It is important to keep seeds clean for storage. How you collect them, when you collect the seeds, and how you clean them determines how the seeds will last till next spring. You have to wait till the seed heads have signaled they are ready to be collected. You don’t want to discover the seeds are molded come next March. That will ruin your efforts.

Supplies
Invest in paper envelopes, a sharp pair of shears for cutting herbs, twine or embroidery floss, and Mason jars. Dry jars and paper envelopes are invaluable in saving seeds properly. They cost pennies. Seeds can be stored in jars, paper bags, and envelopes and at certain temperatures. It takes patience and effort to store seeds but well worth the effort.

Collecting Seeds
Seeds vary in how they can be collected, cleaned, and saved for storage. It depends on the herb and the type of seed you wish to save. Some seeds require threshing, winnowing, and some seeds shatter when still attached to the plant. All of this has to be taken into account before collecting seeds.

Some wet seeds need to be fermented first. Dry seeds can be winnowed from the chaff. Try to wait as long as you can before removing seed husks from the plants. The longer you wait, the better quality of the seeds in the husks. These seeds reach maturity while attached to the plant.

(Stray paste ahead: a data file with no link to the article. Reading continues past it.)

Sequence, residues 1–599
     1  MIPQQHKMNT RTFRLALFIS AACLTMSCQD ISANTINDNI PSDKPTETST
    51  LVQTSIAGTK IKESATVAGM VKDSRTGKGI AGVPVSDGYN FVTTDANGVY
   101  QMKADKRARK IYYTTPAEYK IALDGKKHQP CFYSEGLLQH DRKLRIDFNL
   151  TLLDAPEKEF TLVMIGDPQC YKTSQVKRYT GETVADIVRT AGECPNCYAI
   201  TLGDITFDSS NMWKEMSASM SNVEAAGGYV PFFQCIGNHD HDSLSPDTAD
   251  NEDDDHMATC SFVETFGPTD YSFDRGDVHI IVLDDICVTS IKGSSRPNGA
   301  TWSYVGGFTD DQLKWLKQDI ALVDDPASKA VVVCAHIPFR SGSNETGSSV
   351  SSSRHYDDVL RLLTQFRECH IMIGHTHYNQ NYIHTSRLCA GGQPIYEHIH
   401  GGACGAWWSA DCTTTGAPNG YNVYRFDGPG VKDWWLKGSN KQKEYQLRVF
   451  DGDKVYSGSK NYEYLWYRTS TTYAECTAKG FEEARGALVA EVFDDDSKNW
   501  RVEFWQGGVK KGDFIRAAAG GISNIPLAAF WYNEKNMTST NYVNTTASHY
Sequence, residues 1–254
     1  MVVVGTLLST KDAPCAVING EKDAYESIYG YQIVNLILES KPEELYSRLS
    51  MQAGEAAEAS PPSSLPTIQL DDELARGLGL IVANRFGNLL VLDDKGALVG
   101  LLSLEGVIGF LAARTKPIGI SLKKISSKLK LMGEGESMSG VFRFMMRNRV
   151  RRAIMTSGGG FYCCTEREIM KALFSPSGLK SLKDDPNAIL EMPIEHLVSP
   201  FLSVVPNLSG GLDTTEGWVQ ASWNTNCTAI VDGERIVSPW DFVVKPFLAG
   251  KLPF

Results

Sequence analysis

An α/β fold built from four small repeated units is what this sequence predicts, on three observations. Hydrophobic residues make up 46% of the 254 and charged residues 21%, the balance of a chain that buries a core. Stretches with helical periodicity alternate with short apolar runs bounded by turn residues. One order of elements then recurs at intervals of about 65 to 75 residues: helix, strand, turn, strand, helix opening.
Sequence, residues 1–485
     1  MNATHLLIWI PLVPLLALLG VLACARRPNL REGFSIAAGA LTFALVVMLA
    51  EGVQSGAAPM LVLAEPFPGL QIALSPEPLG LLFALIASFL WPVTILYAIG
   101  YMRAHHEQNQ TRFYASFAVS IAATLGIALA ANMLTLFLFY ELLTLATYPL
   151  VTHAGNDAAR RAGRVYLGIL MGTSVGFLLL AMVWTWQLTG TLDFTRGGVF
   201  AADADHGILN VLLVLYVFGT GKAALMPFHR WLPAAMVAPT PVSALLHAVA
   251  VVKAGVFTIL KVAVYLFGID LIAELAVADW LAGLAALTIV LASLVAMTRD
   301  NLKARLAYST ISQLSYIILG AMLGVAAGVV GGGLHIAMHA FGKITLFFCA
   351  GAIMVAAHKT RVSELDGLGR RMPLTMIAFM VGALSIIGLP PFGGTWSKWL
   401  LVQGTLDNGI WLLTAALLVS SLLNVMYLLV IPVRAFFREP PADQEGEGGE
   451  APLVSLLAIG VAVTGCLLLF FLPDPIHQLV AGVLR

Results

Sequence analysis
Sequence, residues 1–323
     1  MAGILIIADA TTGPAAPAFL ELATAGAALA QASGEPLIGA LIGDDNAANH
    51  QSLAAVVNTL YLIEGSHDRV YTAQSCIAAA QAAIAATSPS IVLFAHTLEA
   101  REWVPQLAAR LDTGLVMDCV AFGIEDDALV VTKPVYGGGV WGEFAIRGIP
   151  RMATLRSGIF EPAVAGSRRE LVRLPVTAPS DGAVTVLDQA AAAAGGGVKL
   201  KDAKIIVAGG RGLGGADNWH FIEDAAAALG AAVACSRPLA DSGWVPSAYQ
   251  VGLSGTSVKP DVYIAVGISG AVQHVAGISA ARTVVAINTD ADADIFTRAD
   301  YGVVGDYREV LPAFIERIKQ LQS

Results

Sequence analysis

Preparing Your Seeds
To clean wet seeds, scoop the pulp and seeds into a slanted bowl filled with water. Healthy seeds sink to the bottom of the bowl. Non-viable seeds float to the surface. Repeat the process a few times to rinse the seeds clean and to collect as many healthy seeds as possible. Rinsing the seeds keeps the seeds from sticking to whatever surface you place them on.

To dry wet seeds, line a strainer with a paper towel to absorb the remaining moisture from the seeds. Next, spread the seeds on glass or a ceramic surface. Place the glass or ceramic plate somewhere dark, dry and warm for several days before putting the seeds in a jar. Make sure the seeds are thoroughly and that the jars are completely dry. Storing seeds or herbs before they are properly dried or putting them in damp jars invites mold, thereby ruining your efforts and time. Remember to date and label the jar. Store out of direct sunlight.